At some point within the last 24 hours, my computer was infected by the Ekxdvft toolbar. Possibly as a side effect, when I rebooted my computer, I had to log in as a new user, which meant among other things that I had to work with a new desktop. I rebooted a couple of times to no avail. (Memo to self: Never again use the desktop as parking space for unfinished documents.) I had been using the Google toolbar for all my browsing for some time, so at least I didn’t lose any bookmarks of significance.
I wound up using the SmithfraudFix freeware off this website. This and other websites had detailed instructions for removing the files manually. If you know your way around computer software, it’s probably safer. However, I am strictly WYSIWYG as these things go, so I took my chance with the freeware. The toolbar is gone; I only hope that this incarnation of yours truly will be back the next time I reboot.
SmithfraudFix worked for me; that does not mean that it will work for you. But I’m posting this, just in case you have the same problem and are even less capable around computers than I am. Oh, and since I had to use a new desktop every time I rebooted, I saved the freeware into a file of its own in the hard disk and copied it to the desktop after I rebooted.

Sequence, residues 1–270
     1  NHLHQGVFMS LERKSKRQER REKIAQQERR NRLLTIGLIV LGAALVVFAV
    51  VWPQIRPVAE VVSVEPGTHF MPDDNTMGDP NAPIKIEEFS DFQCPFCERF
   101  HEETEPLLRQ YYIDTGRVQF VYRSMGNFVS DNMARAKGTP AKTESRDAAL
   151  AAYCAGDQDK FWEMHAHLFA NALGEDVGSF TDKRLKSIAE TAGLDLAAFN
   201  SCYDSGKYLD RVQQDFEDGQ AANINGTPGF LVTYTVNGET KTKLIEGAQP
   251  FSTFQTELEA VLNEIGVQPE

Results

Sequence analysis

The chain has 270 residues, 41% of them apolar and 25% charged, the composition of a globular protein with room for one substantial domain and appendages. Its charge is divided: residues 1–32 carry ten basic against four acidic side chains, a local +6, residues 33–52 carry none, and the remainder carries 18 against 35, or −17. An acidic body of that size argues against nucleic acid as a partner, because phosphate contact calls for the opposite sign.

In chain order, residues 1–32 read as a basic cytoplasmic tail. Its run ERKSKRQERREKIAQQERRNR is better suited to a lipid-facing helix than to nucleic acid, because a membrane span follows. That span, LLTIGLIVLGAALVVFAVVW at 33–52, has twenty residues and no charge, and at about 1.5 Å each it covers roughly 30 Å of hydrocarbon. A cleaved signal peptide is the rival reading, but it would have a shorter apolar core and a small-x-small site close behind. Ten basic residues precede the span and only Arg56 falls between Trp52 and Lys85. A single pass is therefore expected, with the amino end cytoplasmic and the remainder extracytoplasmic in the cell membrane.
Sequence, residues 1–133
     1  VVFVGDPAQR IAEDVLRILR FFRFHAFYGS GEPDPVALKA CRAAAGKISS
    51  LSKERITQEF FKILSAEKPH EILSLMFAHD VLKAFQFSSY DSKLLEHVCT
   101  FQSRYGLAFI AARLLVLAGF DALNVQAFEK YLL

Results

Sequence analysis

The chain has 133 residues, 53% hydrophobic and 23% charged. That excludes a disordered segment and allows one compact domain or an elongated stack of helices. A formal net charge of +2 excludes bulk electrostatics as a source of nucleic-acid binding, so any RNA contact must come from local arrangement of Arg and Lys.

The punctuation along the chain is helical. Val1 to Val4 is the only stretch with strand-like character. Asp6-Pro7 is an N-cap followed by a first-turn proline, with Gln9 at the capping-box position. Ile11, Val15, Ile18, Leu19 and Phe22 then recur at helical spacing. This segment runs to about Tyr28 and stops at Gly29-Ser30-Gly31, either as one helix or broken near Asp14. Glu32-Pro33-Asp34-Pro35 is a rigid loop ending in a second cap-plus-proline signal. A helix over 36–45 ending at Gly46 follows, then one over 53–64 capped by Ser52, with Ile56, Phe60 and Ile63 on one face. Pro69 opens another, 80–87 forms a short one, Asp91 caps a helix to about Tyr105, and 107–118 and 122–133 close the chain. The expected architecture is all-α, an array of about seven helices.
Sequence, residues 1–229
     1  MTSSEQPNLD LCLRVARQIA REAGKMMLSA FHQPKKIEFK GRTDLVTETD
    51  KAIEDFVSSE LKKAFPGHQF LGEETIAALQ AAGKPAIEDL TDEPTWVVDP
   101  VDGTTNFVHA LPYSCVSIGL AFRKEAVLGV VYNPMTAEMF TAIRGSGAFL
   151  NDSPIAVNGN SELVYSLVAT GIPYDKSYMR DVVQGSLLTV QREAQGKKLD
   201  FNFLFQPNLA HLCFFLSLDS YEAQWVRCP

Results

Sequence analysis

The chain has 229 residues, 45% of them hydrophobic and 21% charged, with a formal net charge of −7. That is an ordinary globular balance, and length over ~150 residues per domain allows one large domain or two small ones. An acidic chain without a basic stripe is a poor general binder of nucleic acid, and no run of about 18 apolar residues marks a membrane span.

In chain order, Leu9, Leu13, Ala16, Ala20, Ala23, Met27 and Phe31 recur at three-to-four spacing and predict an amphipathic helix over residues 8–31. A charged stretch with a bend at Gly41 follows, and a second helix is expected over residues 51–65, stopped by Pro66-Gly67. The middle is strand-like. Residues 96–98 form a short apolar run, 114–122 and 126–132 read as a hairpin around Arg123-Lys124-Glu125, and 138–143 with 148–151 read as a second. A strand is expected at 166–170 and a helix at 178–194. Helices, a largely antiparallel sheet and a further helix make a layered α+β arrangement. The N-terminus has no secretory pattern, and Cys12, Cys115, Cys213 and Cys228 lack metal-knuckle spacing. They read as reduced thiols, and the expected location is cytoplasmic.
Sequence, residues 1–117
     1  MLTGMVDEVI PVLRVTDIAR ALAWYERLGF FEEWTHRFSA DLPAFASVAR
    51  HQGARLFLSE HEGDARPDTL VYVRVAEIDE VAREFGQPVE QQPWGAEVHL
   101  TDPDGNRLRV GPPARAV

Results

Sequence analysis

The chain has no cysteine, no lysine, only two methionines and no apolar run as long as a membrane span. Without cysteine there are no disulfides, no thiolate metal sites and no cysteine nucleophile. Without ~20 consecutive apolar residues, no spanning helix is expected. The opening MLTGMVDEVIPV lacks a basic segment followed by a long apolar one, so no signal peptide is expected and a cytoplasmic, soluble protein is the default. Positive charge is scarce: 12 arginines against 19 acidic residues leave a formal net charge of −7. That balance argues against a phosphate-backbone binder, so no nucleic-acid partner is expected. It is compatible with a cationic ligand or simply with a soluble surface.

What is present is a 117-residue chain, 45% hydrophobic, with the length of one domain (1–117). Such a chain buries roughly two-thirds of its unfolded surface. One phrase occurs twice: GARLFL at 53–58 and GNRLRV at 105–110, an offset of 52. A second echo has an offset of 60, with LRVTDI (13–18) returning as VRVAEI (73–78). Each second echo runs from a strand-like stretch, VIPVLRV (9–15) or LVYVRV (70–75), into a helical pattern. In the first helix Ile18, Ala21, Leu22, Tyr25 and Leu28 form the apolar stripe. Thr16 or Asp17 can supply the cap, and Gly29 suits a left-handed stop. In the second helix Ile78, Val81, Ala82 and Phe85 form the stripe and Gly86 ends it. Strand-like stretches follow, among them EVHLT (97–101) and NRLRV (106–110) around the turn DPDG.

I hope you never have to go through this, but in case you do, I’ll be happy if this will be of help.
I couldn’t boot in Safe Mode according to the webpage popup instructions. If you have the same problem and your computer, like mine with its generic Windows Vista OS, does not come with a hardcopy manual, just kill it before it boots up properly, then reboot. The computer will ask you what mode you want to boot it in.
Recently, I’ve become ever more reluctant to support the death penalty. Having said that, I must confess that I would not be too unhappy to learn that whoever wrote the code for the Ekxdvft toolbar dies a gruesome death.